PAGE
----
Powershell and power options are added. Just like the hotspot it's actually available anywhere (as is the shortcut). Alt+F4 is only available on the Desktop, and if the Desktop has focus.

If you had a hybrid and used it as a tablet, then you could using it in a pure modern mode. The problem with most people is all they want to concentrate on is work, therefore only want to use it in desktop mode. This goes back to people not wanting to accept change, but once software makers outside of Microsoft with Office and adobe who has stated their next version will be sold strickly as a service, then there will be no need for the desktop at all. Microsoft is just ahead of the curve.

Am I reading it right that if you want to upgrade from Windows 7, the right time to do so is now, because if you upgrade to 8.1 you lose your applications? And spend more money for the privilege?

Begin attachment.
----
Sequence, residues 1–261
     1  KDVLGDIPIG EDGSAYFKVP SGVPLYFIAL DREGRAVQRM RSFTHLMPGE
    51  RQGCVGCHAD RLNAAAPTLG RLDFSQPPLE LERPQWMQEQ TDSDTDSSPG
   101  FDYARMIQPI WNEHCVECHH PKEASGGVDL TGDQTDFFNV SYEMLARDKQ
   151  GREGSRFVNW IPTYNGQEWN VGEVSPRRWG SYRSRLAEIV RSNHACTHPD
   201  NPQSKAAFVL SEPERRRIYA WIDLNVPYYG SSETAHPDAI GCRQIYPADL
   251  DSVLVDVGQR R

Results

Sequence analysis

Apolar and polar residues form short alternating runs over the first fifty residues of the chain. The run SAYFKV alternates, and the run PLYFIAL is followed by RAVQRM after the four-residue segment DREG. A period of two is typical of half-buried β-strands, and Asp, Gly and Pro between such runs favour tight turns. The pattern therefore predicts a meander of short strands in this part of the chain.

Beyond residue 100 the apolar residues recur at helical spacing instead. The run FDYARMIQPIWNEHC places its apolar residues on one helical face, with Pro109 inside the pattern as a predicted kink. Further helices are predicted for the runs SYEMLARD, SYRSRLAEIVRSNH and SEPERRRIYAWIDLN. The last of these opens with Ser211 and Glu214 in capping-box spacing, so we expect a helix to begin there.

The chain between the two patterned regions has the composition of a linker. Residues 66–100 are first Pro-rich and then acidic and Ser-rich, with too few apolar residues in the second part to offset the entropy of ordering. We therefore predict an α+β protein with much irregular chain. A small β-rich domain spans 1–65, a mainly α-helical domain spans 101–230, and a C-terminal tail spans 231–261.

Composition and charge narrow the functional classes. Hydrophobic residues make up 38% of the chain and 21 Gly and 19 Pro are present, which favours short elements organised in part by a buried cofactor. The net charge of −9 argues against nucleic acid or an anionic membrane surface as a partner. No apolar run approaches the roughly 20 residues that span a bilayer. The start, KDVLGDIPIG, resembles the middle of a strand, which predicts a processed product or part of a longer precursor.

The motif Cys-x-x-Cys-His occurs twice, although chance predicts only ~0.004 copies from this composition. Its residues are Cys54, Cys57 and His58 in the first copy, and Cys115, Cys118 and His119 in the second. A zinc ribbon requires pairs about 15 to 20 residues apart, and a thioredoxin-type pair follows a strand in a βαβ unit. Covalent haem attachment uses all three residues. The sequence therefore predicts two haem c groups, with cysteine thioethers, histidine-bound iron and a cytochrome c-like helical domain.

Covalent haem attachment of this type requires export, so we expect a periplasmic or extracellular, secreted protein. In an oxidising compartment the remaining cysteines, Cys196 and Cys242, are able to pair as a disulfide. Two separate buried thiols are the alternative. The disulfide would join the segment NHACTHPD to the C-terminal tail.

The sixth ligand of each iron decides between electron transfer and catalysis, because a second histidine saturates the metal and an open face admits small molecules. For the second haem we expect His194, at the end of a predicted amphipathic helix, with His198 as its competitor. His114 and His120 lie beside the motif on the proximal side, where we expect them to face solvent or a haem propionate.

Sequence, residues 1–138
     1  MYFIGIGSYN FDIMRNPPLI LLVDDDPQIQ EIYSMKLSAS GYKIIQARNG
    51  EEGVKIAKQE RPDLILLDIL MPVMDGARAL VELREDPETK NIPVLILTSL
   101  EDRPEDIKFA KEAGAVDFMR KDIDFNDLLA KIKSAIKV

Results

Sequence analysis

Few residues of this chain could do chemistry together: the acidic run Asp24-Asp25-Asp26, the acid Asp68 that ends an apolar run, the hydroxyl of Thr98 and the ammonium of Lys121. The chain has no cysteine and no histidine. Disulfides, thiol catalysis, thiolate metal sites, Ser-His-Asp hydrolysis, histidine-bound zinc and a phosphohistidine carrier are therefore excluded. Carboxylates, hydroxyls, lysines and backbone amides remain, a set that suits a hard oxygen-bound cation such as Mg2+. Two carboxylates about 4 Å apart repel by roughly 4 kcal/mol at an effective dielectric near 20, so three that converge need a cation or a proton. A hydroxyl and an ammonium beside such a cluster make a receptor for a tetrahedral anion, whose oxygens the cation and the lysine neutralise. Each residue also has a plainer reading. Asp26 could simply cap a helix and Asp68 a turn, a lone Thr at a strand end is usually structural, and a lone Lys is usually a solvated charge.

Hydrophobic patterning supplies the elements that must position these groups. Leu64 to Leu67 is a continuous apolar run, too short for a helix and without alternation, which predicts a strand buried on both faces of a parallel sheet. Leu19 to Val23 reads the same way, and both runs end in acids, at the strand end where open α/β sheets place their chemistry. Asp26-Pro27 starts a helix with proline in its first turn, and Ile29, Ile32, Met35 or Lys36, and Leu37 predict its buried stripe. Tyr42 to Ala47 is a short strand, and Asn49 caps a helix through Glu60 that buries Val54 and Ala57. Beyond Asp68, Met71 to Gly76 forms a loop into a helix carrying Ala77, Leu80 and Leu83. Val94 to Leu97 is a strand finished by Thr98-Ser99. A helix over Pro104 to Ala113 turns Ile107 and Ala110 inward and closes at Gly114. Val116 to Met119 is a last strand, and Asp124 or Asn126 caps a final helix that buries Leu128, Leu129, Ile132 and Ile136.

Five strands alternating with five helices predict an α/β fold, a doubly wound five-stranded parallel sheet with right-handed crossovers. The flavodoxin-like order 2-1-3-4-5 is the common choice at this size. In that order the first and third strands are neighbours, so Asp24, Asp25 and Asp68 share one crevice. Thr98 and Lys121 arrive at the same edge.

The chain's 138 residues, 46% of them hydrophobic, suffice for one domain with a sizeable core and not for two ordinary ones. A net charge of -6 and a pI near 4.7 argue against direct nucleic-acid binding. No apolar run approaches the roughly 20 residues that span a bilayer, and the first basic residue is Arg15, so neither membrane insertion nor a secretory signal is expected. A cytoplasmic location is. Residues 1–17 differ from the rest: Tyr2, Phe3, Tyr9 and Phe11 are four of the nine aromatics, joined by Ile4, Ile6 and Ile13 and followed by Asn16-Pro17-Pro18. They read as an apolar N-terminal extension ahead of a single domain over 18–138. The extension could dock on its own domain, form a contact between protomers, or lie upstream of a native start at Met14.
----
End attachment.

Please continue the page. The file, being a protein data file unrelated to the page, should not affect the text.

You have to do that if you install 8.0 as well. Unless 8.0 still has a sale going on, I don't think it will really matter if you upgrade now or when 8.1 is released. 8.1 is essentially a "Service Pack" its just packing a lot more updates to Windows than it used to.

8.1 is more than a service pack. Its more of an incremental upgrade (or exponential update) if you will. Yes, it is deployed SIMILAR to service packs, last I checked, but it is not actually called a service pack. It's more like OSx upgrades now, where each version goes up in a smaller number (#.X or #.#.X), making it more of an update than a new version, while still adding more features and changes than your average service pack.